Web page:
After Trump claimed during an April 18 press briefing that he had received a “nice note” from Kim during a press briefing on Saturday, the North Korean Ministry of Foreign Affairs fired back in a statement sharply denying that Kim had sent any notes since the two leaders had corresponded last in March. The statement also included a warning that the Trump-Kim relationship shouldn’t be exploited for political points. Even in North Korea’s stovepiped bureaucracy, it’s unlikely that the foreign ministry would make a statement tweaking Trump so directly. Kim may be resting, but he may still be signing off on orders.
Few images of totalitarianism are as powerful as the vision of a regime trying to conceal the demise of its cherished leader. Interestingly, the North Korean government has more practice attempting the opposite: That premature 1986 report of Kim Il Sung’s death actually originated with North Korea’s army, which blasted news of the death through loudspeakers in the Demilitarized Zone. That may have been a way for Pyongyang to game out how the U.S. and South Korean militaries would react to the leader’s sudden death. But there’s no particular reason to believe that North Korea is actively pulling a Weekend at Bernie’s now, as it reports Kim Jong Un’s mundane correspondence with other global leaders.
I expect the world to learn of Kim’s health when North Korea deems it fit to make an announcement, and not before. If he were to die, the precedents suggest a quick notification. This might be complicated in the current case, given the lack of an obvious male successor to continue North Korea’s mythologized “Paektu bloodline.” But Kim’s younger sister, Kim Yo Jong, appears to be one of his most trusted confidants and has risen quickly in the Korean Workers’ Party. Jo Yong’s selection as a new leader might be complicated in the DPRK’s highly patriarchal culture, but her status as a descendant of the founder would likely prevail.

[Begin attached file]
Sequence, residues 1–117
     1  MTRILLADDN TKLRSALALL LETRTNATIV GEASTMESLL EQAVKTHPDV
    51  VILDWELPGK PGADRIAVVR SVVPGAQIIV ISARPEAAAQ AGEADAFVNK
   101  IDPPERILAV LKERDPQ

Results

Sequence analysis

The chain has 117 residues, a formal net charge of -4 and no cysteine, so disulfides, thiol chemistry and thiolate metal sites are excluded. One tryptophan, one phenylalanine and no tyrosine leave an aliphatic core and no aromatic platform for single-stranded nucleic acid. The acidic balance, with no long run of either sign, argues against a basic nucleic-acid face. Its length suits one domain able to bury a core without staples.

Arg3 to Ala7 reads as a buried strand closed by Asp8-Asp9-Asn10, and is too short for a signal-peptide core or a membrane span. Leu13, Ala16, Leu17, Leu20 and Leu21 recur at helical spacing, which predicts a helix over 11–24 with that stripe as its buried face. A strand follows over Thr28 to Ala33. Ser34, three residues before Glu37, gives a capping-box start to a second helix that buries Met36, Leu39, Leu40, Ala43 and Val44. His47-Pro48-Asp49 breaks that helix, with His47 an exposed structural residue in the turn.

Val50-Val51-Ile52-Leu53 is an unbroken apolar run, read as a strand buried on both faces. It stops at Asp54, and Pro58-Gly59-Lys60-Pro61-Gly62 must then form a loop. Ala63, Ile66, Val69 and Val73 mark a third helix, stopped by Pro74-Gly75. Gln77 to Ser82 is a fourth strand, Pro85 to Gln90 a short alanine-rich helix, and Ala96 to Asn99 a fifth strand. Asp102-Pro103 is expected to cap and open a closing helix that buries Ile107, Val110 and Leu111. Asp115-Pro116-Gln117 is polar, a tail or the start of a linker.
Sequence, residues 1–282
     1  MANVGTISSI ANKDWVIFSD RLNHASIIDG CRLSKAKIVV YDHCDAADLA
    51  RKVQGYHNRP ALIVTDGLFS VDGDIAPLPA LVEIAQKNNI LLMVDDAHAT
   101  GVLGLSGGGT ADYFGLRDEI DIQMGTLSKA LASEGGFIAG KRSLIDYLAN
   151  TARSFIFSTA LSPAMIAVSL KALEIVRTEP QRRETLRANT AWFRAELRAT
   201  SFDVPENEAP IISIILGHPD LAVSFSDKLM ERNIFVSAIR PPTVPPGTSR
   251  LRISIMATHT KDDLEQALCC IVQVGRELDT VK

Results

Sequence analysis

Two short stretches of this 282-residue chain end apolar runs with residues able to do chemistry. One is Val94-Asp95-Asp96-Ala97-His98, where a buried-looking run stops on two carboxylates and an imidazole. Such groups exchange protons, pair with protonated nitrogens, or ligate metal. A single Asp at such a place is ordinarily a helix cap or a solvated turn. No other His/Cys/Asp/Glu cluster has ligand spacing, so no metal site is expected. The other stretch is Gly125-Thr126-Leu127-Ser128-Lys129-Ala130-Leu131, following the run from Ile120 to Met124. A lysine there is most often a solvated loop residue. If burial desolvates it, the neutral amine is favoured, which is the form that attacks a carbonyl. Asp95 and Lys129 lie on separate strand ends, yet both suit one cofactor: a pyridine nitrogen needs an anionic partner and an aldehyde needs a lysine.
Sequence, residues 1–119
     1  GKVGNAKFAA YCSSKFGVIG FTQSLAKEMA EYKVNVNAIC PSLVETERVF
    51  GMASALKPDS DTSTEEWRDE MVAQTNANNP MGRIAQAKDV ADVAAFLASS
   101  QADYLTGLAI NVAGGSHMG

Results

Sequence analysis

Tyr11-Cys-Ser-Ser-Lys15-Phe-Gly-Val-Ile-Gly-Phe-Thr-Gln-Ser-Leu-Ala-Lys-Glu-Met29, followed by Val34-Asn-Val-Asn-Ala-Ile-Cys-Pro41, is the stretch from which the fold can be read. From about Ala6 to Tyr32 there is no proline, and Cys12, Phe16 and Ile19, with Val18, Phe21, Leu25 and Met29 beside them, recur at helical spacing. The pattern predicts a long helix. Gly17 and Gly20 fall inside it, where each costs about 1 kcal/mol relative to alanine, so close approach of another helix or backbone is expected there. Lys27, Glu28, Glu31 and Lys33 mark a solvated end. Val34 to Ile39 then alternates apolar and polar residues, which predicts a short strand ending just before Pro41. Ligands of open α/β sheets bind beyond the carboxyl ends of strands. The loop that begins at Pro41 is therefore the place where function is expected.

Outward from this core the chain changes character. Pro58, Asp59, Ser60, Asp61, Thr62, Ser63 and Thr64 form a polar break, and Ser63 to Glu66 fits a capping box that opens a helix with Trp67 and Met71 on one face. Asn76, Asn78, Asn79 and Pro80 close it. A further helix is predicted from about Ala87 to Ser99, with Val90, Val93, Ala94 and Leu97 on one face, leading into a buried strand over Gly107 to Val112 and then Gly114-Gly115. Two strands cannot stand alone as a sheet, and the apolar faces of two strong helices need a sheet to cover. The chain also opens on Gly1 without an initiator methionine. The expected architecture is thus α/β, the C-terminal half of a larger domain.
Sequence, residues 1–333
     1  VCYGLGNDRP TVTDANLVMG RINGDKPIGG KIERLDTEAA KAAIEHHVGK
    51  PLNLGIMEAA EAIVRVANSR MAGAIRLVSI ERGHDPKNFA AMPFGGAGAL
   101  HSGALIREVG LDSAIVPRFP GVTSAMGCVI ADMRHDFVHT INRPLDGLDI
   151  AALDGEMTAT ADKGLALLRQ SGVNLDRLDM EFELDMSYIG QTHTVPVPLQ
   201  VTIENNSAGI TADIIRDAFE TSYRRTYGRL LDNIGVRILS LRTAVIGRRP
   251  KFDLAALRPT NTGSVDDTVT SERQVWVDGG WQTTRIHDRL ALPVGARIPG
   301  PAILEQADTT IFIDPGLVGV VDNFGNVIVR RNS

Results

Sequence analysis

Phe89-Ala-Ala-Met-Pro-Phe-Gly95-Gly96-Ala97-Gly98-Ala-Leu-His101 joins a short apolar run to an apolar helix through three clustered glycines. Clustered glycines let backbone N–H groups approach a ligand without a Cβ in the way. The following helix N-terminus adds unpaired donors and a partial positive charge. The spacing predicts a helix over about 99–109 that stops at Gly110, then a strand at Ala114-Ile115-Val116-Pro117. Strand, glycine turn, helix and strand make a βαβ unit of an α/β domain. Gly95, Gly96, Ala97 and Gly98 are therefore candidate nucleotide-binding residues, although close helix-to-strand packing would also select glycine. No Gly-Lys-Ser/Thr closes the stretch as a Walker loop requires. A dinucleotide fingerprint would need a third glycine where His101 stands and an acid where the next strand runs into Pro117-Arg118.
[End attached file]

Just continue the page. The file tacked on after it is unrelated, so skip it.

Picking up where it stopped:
That might be the best-case scenario in terms of international stability, if not for the North Korean people, in a post–Kim Jong Un world. “I hope he’s doing just fine,” Trump has said of Kim amid the health rumors, but of course there will be many Westerners—even in Trump’s Republican Party—who hope that the human-rights-abusing, nuclear-threatening hereditary tyrant is dead. The nature of Kim’s regime is not in dispute here, but it’s best to be careful what one wishes for. Kim presides over a small nuclear empire. Even if the chances are very remote, an internal power struggle following his demise might be catastrophic. The monolith of the North Korean state manifests in Kim’s person; his health is undeniably brittle, and so, too, is his regime. As a result, we should be prepared for the worst.